Canon Hardwicke Rawnsley at Wray Castle
Discover more about the fascinating link Hardwicke Rawnsley, one of the Trust's three original founders, had with Wray Castle.
The National Trust was founded in 1895 by three extraordinary leaders. Octavia Hill, Sir Robert Hunter and Canon Hardwicke Rawnsley were united by a belief that beautiful, natural and historic places were worth protecting for future generations.
Hardwicke Rawnsley, aged 26, moved to Cumbria to take up the position of Vicar at Wray Church, in the Wray Castle Estate and threw himself into life in the local community. He became increasingly concerned about the rapid scale of industrialisation in the Lake District, and was determined to protect its beauty.
An important meeting
In 1882 a young Beatrix Potter holidayed in the Lake District for the first time as her parents rented out Wray Castle. The family entertained many eminent guests at the castle during that summer and Rawnsley was invited to one of their dinner parties. He was an authority figure of an entirely different sort to her parents and this meeting was the start of a great friendship between Beatrix and Rawnsley.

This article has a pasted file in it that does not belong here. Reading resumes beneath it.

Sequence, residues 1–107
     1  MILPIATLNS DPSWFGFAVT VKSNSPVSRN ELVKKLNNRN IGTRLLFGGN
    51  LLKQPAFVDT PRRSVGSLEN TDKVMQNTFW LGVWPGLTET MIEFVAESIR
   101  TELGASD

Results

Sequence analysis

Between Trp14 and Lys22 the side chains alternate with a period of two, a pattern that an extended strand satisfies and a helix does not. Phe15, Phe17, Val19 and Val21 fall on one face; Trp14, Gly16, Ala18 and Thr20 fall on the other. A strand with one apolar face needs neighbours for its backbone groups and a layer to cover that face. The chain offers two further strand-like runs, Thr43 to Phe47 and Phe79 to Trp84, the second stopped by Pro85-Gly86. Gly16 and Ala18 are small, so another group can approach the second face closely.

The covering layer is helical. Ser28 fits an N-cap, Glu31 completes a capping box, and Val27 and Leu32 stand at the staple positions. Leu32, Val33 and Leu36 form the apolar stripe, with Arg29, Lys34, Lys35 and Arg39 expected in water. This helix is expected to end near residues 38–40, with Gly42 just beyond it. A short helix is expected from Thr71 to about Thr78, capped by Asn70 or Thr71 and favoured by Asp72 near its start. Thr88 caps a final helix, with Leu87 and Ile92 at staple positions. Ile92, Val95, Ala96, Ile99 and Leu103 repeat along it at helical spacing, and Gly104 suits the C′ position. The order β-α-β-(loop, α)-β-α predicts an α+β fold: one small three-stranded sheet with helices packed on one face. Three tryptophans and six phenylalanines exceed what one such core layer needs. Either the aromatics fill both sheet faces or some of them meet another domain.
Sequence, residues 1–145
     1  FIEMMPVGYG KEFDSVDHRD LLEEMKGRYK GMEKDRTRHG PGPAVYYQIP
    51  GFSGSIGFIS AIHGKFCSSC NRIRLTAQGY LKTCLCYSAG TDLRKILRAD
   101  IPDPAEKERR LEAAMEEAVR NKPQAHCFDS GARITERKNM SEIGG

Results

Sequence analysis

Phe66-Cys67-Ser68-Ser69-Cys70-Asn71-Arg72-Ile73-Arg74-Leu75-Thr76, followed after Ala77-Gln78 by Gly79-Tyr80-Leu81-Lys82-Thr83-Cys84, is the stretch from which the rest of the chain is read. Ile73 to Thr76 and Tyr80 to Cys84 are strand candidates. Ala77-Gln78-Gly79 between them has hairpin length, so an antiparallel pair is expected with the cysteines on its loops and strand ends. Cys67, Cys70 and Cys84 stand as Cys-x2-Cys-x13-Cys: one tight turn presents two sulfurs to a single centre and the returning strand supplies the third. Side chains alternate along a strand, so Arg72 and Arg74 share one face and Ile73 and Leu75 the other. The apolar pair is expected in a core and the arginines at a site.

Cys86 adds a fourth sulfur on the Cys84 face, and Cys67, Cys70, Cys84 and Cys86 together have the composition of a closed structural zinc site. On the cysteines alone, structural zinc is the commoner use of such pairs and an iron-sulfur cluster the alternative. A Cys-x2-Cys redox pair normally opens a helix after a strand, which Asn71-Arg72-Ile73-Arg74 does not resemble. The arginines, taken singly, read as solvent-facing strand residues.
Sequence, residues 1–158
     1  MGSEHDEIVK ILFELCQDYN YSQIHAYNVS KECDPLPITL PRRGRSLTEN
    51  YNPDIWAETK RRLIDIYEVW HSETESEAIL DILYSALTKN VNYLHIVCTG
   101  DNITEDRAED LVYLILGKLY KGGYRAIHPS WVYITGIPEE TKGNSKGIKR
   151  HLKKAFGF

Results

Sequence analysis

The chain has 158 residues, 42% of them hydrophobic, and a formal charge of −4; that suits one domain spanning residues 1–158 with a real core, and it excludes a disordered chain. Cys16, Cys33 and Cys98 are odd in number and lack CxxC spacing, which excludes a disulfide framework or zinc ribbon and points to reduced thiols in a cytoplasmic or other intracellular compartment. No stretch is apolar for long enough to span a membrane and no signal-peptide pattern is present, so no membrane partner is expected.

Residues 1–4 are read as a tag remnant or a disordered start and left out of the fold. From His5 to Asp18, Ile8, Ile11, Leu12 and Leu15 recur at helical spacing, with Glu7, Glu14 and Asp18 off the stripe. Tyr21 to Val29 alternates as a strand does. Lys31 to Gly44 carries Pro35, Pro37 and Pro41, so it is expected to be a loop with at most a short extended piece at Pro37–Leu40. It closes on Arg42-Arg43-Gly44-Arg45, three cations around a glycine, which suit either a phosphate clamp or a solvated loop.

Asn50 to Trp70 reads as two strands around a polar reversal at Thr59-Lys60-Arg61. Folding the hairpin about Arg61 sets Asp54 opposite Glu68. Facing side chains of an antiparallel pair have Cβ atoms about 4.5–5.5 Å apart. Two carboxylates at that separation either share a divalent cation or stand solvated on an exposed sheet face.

A mentor for Beatrix Potter
Rawnsley was the first published author Beatrix had met. He praised her little drawings and paintings, encouraging her interest in animals and plants. Through years of friendship and mentoring, he went on to help her publish her first book, The Tale of Peter Rabbit.
Rawnsley was keen to seek solutions to the problems of a rapidly industrialising and urbanising society in Britain. Whilst at Wray he began his work to defend the Lake District from slate quarrying and associated road and rail developments and to ensure that people could get out and enjoy the landscape.
Beatrix Potter and Rawnsley’s shared legacy has played a huge part in shaping the Lake District that we know and love today.